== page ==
AUGUSTA – The company that won the multiyear, $35 million state lottery contract in September, and lost it two months later after a competitor appealed, urged a judge Thursday to reinstate the original award.

Jeffrey Lipps, attorney for Intralot Inc., a lottery firm based in Athens, Greece, asked Justice Robert Murray to invalidate an appeal panel’s decision and award the contract to Intralot.

Lipps said the three-person appeal panel misapplied Maine law and essentially substituted its judgment for that of the original evaluators.

Charles Dingman, the attorney representing New York-based Scientific Games Inc., which holds the contract and has an office in Gardiner, urged the judge to uphold the appeal panel’s decision.

Scientific Games challenged the award to Intralot and won a sort of reprieve by retaining it for a year while legal challenges are argued.

Oral arguments in the case were held Thursday in Kennebec County Superior Court. Justice Robert Murray said he will issue a ruling later.

The attorneys appeared to agree that if the court affirms the appeal panel’s decision, the contract award will be invalidated and a new request for proposals will be prepared by the Bureau of Alcoholic Beverages & Lottery Operations.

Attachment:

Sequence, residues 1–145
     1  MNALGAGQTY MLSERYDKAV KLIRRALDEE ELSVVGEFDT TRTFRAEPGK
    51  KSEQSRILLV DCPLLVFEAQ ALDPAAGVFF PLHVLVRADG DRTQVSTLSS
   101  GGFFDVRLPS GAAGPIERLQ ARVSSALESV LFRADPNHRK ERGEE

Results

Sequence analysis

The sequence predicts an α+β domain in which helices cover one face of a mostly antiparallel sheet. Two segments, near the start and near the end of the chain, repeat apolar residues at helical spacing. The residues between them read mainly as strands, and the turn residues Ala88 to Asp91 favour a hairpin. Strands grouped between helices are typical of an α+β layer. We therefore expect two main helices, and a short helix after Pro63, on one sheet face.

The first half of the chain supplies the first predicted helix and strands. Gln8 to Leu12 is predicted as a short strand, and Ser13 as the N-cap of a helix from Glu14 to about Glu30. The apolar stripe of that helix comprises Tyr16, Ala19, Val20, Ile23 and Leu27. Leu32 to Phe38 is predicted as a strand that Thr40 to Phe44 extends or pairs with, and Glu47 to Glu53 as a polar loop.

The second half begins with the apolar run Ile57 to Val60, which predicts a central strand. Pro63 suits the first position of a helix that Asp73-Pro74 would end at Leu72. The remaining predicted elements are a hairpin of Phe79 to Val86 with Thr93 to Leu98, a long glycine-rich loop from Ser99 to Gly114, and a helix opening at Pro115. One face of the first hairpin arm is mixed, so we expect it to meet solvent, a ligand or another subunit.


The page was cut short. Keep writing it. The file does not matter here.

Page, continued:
If Murray overturns the appeal panel’s decision, Intralot will get the contract.

Lipps maintained that in reaching its decision, the appeal panel abused its discretion, made multiple errors and came to conclusions unsupported by law. He described the original scoring process used by the lottery committee to evaluate the proposals. “It’s not surprising the competition was close,” Lipps said. “There are literally only three vendors that actively compete for the lotteries.”

Assistant Attorney General William Laubenstein, representing the state Bureau of General Services, which issued the request for proposals, asked the judge to uphold the appeal panel’s decision.

Laubenstein said an appeal panel looks at how the contract was awarded, including scoring methods. “The appeal panel doesn’t attempt to rescore proposals,” he said.

In the case of Intralot, the panel found the contract was “in violation of law and contained irregularities that created a fundamental unfairness.”